Thursday, September 19, 2013

Kids' Glasses

This past spring my two younger children both got prescriptions for glasses.  Sami is now 7 and Eli 5.  This is an event that I've been expecting probably since the time they were born.  My husband and I both wear glasses and have since we were children.  So, I have asked other moms whose children already have glasses all sorts of questions over the years about glasses.  

Here's a quick summary of what I've learned...

+ Children's eyes continue to develop until they are 8 years old.  
+ In little ones with severe struggles to see, glasses make an enormous difference.  Infants who won't look at anyone will be able to focus and look at who is speaking to them if their eyesight is the issue.  
+ Children's eyes change from one year to the next.  Eye doctors try not to prescribe glasses unless they need to.  
+ When children blink their eyes a lot, it is a sign that a child is struggling to focus. 
+ Headaches are another sign that a child may need glasses.
+ Issues children can encounter with their eyes are not simply nearsighted, farsighted, and astigmatism.  In the case of my children, the strength of their eyes impedes their abilities to focus.  It is 20% of what it should be.  My older daughter's is 65% of what it should be.  So, for now she doesn't have glasses.
+ Children in school get an eye check every year, so it's easy for homeschoolers to miss it.  It's helpful to get their eyes checked once a year to make sure everything's okay.

So, the waiting is over, so to speak.  Two of my kids now need glasses!  What now???  Where do I go?  A new dilemma.

I learned one place not to go and I learned that cheapest pair isn't always a satisfactory solution.

Back in May, I went shopping with Sami's prescription in hand.  We first went to Costco, where we normally get glasses.  There was only a very small selection of children's frames.  There were three women working at the time who were working and standing together chatting.  I arrived frazzled with my three children in tow.  I did not receive a warm or helpful reception and so I turned on my heals and left when I realized that one pair of children's glasses would cost $100--with no breakage warranty included.  It was more than I was prepared to spend that day and like I said--I was frazzled.  I needed some help.  I returned to Walmart where she was given her exam and purchased two pairs for her.  The first cost $38 and the second is discounted when purchased at the same time.  Her prescription is weak, so she didn't anything extra.  There is a one year breakage warranty on the glasses.  Yay!  

One down, one to go...

Two weeks later, Eli  had his exam and found that he needed glasses as well.  I decided to just purchase one pair at Walmart at the time and keep looking.  They had a pair small enough for his face which was a blessing.  Within a month, I realized it would be wise to have a second pair around.  So, I watched for a sale and began asking around.  Back to school sales brought a lot of sales on eyeglasses.  JC Penney had a sale for $25 (with a 1 year breakage warranty), so I made the trek to the store to check it out.  I ordered a pair and waited a week for them to arrive.  When I got the phone call, they were in, we headed back to the store to pick them up.  I would never go back again to order glasses from JC Penney.  The frames I ordered didn't have spring hinges (I didn't realize it at the time).  There was very little choose from for his size.  They only had one boy pair the size we purchased (which was two sizes larger than the walmart frames).  But, the frustrating part was that they didn't give him a hard case and the woman working didn't even fit the glasses to his face.  It was almost like purchasing a pair of reading glasses from the carousel at the grocery store!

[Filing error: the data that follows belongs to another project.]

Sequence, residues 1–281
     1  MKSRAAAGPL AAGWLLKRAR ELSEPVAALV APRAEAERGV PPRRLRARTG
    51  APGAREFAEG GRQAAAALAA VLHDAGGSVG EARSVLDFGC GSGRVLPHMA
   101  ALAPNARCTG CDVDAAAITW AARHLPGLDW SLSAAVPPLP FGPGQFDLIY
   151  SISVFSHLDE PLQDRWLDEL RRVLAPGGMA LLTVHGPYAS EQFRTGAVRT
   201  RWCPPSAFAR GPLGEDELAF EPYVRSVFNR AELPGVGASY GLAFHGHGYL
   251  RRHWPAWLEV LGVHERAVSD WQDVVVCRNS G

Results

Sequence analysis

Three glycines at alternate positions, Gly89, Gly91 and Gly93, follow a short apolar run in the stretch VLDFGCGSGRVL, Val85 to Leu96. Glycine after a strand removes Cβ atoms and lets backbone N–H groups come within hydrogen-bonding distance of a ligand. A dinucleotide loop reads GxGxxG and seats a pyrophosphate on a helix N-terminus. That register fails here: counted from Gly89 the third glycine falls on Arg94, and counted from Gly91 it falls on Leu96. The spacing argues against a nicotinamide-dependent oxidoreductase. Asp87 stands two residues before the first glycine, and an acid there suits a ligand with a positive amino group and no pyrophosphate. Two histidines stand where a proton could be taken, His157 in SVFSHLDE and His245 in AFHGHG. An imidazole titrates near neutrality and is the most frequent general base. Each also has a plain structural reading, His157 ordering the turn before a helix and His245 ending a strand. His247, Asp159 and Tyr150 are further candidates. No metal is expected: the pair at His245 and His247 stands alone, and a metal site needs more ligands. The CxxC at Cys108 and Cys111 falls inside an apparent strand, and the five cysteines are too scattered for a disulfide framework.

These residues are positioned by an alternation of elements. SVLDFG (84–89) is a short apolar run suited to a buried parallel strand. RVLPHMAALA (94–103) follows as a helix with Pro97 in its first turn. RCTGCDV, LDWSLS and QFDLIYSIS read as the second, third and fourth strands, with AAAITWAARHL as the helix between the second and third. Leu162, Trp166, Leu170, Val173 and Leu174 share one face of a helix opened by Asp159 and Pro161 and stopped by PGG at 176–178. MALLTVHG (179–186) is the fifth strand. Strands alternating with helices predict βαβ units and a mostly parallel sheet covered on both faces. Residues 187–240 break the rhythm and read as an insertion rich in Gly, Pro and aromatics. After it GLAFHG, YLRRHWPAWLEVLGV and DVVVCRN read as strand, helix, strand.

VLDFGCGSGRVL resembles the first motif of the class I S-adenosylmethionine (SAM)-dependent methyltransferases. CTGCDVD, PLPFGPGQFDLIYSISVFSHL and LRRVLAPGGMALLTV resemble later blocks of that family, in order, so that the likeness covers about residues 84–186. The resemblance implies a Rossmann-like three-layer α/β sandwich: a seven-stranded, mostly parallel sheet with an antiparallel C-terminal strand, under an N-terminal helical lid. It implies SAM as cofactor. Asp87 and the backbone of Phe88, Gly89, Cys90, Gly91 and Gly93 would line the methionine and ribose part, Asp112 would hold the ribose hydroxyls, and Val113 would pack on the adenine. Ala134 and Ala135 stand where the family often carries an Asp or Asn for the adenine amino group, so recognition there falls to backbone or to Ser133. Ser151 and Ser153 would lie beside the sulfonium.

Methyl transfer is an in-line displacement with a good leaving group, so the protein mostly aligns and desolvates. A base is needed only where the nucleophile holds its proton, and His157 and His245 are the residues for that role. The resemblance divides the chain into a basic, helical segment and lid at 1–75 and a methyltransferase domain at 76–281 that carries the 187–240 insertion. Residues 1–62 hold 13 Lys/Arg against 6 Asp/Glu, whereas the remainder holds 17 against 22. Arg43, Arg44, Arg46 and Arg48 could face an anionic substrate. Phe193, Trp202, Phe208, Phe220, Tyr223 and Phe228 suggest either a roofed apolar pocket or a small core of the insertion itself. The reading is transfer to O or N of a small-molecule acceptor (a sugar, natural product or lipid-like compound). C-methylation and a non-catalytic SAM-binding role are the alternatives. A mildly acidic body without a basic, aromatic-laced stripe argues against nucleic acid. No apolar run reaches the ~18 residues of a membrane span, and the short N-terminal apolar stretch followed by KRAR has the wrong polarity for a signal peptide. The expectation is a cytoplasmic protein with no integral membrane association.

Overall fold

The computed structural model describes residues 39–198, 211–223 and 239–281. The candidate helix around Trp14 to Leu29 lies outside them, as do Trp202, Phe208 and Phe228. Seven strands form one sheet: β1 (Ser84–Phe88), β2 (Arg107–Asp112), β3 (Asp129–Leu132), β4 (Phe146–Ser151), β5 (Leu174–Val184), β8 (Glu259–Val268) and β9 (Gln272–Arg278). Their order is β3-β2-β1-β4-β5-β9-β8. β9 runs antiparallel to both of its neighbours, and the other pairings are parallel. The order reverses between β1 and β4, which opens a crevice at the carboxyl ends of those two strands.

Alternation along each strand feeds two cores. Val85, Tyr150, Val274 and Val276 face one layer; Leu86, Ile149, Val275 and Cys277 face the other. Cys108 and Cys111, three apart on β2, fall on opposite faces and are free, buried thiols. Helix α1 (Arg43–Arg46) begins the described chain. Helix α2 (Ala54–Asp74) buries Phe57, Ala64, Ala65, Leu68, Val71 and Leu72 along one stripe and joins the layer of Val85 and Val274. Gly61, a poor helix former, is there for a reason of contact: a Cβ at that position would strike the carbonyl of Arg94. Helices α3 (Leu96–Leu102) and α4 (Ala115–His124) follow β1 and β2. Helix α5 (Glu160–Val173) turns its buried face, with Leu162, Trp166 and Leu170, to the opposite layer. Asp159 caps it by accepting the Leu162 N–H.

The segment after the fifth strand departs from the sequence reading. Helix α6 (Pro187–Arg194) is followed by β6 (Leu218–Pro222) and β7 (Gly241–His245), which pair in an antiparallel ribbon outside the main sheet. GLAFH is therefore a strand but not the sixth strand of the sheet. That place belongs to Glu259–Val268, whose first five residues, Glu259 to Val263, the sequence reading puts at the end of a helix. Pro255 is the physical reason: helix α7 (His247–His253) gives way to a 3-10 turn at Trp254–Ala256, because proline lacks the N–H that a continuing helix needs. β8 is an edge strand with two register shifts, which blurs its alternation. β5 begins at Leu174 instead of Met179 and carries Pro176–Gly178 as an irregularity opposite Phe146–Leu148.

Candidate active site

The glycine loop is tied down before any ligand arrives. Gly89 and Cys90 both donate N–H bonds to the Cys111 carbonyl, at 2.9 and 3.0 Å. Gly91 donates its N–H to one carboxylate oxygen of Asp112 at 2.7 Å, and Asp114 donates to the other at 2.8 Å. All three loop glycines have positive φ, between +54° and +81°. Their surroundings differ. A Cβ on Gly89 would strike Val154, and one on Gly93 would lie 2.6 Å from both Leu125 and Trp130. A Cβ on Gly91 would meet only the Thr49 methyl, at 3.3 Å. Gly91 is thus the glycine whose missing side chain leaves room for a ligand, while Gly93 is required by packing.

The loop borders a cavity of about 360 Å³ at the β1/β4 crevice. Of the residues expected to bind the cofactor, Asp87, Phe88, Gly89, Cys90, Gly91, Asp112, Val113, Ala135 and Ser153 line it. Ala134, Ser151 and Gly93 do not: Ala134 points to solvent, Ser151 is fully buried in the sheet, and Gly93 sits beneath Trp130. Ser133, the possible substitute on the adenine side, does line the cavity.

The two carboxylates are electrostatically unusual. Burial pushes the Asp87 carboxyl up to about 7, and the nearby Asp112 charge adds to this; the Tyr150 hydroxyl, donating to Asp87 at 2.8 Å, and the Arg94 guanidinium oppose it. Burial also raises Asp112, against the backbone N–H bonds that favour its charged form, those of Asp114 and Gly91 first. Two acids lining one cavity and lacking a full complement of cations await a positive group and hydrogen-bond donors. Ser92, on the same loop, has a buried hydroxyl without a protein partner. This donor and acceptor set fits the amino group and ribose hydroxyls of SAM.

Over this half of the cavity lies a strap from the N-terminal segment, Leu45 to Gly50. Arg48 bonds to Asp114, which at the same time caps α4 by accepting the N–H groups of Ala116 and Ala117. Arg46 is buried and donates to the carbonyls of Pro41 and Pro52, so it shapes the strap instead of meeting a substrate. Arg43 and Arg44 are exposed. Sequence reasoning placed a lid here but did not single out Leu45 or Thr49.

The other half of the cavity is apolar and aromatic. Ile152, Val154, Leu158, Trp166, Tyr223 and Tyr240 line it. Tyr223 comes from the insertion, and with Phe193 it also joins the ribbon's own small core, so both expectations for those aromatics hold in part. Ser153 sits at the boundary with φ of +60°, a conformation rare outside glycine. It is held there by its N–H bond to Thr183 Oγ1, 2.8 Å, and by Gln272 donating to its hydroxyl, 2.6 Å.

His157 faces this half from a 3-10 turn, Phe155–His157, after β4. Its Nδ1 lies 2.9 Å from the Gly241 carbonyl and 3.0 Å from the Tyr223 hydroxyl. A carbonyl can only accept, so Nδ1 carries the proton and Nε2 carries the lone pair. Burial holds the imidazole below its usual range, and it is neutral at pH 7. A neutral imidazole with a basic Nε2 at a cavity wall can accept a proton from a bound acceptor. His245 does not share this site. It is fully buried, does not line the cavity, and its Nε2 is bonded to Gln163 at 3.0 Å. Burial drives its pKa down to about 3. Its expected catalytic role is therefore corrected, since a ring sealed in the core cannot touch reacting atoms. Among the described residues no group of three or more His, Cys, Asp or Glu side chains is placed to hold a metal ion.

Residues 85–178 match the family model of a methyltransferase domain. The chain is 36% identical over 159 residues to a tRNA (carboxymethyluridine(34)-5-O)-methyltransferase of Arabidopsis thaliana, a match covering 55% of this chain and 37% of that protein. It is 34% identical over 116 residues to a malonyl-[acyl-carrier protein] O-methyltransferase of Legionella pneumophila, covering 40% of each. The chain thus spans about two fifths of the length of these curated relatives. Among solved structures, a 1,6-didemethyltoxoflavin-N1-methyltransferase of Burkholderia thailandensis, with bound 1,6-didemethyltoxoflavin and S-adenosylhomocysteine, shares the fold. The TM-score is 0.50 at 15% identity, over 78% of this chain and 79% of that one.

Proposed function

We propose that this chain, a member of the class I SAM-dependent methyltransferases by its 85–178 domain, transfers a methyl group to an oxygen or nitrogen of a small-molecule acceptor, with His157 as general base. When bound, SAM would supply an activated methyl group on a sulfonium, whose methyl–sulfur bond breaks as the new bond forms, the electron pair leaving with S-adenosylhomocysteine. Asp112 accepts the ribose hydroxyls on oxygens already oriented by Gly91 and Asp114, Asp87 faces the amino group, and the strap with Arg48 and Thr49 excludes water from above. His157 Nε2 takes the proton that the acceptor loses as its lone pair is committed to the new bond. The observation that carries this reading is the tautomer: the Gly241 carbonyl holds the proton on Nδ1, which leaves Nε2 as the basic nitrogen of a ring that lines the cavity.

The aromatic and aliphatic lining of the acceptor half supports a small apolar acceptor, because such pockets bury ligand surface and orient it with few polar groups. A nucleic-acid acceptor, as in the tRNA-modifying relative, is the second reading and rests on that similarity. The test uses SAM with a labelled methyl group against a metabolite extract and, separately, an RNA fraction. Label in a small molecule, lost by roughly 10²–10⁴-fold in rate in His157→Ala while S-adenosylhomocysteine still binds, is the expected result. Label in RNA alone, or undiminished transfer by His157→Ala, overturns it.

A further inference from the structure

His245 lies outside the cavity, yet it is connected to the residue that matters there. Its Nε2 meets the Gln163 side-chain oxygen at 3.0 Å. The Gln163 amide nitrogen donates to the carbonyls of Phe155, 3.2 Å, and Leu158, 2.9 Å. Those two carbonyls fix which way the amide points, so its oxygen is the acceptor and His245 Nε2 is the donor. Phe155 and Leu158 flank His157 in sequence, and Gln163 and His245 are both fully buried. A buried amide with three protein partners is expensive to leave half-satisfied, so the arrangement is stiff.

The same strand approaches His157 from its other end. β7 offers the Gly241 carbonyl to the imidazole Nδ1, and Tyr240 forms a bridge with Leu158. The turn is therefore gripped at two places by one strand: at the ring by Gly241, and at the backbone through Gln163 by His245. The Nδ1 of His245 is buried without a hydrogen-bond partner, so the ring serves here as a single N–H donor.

Recently, I did ask another friend who has several children who wear glasses and she goes to America's Best Contacts & Eyeglasses.  Two pairs cost $70 and she can get always depend on a good price.  I've also noticed that her children are able to get frames that are solid and aren't the wire type of frames (which are the only ones I've found at the other stores for Eli in his size).  Next year, I'm definitely going to head over to America's Best with the kids' prescriptions.

So, that's what I've learned this year.  Skip JC Penney.  Walmart works.  America's Best is worth checking out.  If you have any other suggestions, I'd love to hear them!  

1 comment:

  1. I totally agree Anne. My niece had to get prescription glasses, and she had a hard time with them. Each day was either a good day or bad day--sight wise. On the good days she just takes them off and leaves them wherever, so we are always looking for them. I babysit her and her sister in the afternoon. I'm not sure where my sister in-law got the glasses, but now I know that if my kids will need glasses do my research before buying.